MPT FEATURE

Retelling the Mahabharata

Series 3 No. 13 - Transplants

In retelling a classic text for a 21st century audience – and one which may be totally unfamiliar with the work – there are several choices and decisions to be made.

(with an extract from the poem)

The Mahabharata, one of the two great epic poems of India, was composed, in Sanskrit, about 2000 years ago. Because of its length – the only existing full English translation is nearly 5000 pages long – its transmission has always involved selection and abbreviation. Aspects of it exist as dance, drama, TV serials, comic books, as well as numerous printed versions. Stories from it are told to every Hindu child, and in every Indian language. Its religious, political, moral and philosophical teachings sit at the heart of the Hindu world view. So, although there is a generally accepted Sanskrit Critical Edition, in terms of the cultural existence of the epic it makes sense to talk not of one Mahabharata, an ur-text, but of a Mahabharata tradition. This fact is heartening to one embarking on a new version. 

I am working on a verse retelling of the piece that will be around 700 pages in length, closely based on existing scholarly translations. How can the fascination of a text from such a remote time and place be conveyed to a contemporary reader? In retelling a classic text for a 21st century audience – and one which may be totally unfamiliar with the work – there are several choices and decisions to be made.

First, what is the best form for it? Most existing English versions of the epic are in prose. But, because the original is a poem, albeit one written in relatively plain language, I want to render it as an English poem. The sloka form, in which the original is largely written, was a flexible and widely used form. For my version, I have chosen an iambic pentameter template, often amounting to blank verse, seeing that as occupying something of the same place in the English literary tradition as the sloka form did in ancient Sanskrit. It is a line particularly well suited to narrative, reflecting as it does the rhythms of English speech.

Like the Homeric epics, the Mahabharata would originally have been orally transmitted, by bards. Furthermore, the whole piece consists of stories or teachings told by one character to another. Although my version has to work on the page, I am writing it in a story-telling ‘voice’, or register, which lends itself to reading aloud, or even to enactment as drama. The language is not elevated, not ‘poetic’ on the whole, though I make use of the poetic resources of alliteration, assonance and internal rhyme, as well as metre. It is certainly not difficult to understand (though a list of characters will be necessary, to enable the reader to keep track of who is who). In these respects, my translation resembles the original.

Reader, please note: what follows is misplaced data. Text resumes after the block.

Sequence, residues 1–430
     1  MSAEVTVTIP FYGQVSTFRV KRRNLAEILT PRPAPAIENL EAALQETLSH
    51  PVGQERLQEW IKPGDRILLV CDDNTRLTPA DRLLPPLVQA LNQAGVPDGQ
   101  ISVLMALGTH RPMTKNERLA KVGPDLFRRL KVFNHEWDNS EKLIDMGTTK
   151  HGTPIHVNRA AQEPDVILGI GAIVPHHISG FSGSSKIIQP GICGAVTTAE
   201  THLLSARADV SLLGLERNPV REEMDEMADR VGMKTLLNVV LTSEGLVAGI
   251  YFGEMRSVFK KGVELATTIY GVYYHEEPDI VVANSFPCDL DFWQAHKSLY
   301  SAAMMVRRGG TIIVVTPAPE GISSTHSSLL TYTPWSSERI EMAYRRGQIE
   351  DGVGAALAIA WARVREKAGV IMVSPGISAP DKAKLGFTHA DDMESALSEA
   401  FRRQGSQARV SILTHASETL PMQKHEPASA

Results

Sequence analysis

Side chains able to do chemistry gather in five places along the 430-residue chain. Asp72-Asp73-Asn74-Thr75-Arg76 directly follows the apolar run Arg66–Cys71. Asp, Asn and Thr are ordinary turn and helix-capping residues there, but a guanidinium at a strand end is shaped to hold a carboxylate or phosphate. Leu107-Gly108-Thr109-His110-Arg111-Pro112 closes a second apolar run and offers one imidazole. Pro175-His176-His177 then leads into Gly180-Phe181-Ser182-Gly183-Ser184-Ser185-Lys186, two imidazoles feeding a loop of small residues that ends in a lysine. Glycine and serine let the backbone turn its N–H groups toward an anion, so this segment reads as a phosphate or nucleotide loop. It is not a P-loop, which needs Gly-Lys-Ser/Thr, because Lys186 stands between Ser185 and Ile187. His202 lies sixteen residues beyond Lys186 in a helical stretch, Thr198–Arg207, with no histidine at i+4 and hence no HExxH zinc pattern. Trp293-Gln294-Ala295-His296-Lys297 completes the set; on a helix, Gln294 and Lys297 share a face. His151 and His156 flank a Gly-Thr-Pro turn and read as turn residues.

Part of what is engaging about this epic is that the characters, and the situations and dilemmas they find themselves in, are recognisable in any age. Of course, retelling involves re-imagining and, inevitably, through a 21st century lens. I have struggled with the question of how far to give myself licence to do that. I feel that it is essential to honour the original text, which must not be used, in the name of ‘relevance’, as a platform on which to parade specifically 21st century concerns. The Mahabharata is relevant enough, without forcing, and the reader has to be trusted to perceive that relevance. There are two main ways in which I have ‘re-imagined’. First, I have dwelled more on the characters’ subjective states than the original does although, I hope, without a facile ‘psychologising’. Second, I have sometimes drawn on other sources to conjure up a picture of the physical world that surrounds the actors.

What to include, and what to omit from the vast work that is the Mahabharata? The epic has been seen by some as a collection of disparate elements, added over time to an original core. But because I regard it as a unified work of literature (and there are scholarly grounds for seeing it that way), it seems important to reflect every aspect of it in the retelling. Certainly, the heroic narrative is central. However, unlike most previous versions, I have given space to the teachings which amount to nearly one third of the whole in the original – material which offers a vision of politics, kingship and the state that parallels that of Machiavelli in its interest.

The Mahabharata

from: ‘The Lacquer House’
(This passage concerns the arson of the house in which the Pándavas, the epic’s heroes, are living)

. . . The fire surged crackling
from room to room, through corridors and stairways,
tongues of flame greedy for each other
red, yellow, orange, leaping upwards,
playful, free. An ecstasy of burning. . .

Watching, helpless, hour after anguished hour,
the citizens of Varanávata
witnessed the House of Wealth become a wreck.
Wracking explosions, showering sparks and cinders
lit the entire sky. They flung their garments
over their heads and wept. ‘O terrible!
Shiva! Shiva! We’ve lost the Pándavas,
the jewels of the kingdom, our bright hope!’ . . .

When he received the news, Dhritarashtra
was torn, as always. Just as a deep pool
is chilly in its depths, warm on the surface,
so the king’s heart was at the same time
hot with instant grief, and deeply cold.
He had not, quite, expected these events.
He and his sons cast off their royal robes
and performed all the proper funeral rites.
He ordered public mourning, kingdom-wide.
No outward show of sorrow was omitted.


See also the extract included in MPT 3/12 ‘Gandhari’s Lament’.

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